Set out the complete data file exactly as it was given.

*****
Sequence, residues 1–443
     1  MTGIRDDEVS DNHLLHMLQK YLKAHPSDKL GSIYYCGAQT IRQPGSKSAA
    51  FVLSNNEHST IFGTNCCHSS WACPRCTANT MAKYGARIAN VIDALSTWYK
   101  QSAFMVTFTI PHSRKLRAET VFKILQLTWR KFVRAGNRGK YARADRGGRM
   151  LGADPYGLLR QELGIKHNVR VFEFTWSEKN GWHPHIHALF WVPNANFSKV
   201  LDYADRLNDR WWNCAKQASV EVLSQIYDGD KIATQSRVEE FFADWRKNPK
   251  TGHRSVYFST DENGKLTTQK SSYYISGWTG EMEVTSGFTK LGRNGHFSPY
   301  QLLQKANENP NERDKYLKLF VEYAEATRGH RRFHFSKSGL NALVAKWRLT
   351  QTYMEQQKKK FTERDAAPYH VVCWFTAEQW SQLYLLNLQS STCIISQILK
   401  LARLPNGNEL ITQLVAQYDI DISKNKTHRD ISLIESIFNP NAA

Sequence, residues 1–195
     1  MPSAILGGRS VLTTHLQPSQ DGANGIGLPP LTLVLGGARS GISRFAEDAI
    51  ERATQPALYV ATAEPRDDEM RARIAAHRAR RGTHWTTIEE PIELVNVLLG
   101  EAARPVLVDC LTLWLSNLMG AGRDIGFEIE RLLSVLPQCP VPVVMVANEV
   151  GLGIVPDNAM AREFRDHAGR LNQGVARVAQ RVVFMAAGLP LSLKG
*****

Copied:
Sequence, residues 1–443
     1  MTGIRDDEVS DNHLLHMLQK YLKAHPSDKL GSIYYCGAQT IRQPGSKSAA
    51  FVLSNNEHST IFGTNCCHSS WACPRCTANT MAKYGARIAN VIDALSTWYK
   101  QSAFMVTFTI PHSRKLRAET VFKILQLTWR KFVRAGNRGK YARADRGGRM
   151  LGADPYGLLR QELGIKHNVR VFEFTWSEKN GWHPHIHALF WVPNANFSKV
   201  LDYADRLNDR WWNCAKQASV EVLSQIYDGD KIATQSRVEE FFADWRKNPK
   251  TGHRSVYFST DENGKLTTQK SSYYISGWTG EMEVTSGFTK LGRNGHFSPY
   301  QLLQKANENP NERDKYLKLF VEYAEATRGH RRFHFSKSGL NALVAKWRLT
   351  QTYMEQQKKK FTERDAAPYH VVCWFTAEQW SQLYLLNLQS STCIISQILK
   401  LARLPNGNEL ITQLVAQYDI DISKNKTHRD ISLIESIFNP NAA

Sequence, residues 1–195
     1  MPSAILGGRS VLTTHLQPSQ DGANGIGLPP LTLVLGGARS GISRFAEDAI
    51  ERATQPALYV ATAEPRDDEM RARIAAHRAR RGTHWTTIEE PIELVNVLLG
   101  EAARPVLVDC LTLWLSNLMG AGRDIGFEIE RLLSVLPQCP VPVVMVANEV
   151  GLGIVPDNAM AREFRDHAGR LNQGVARVAQ RVVFMAAGLP LSLKG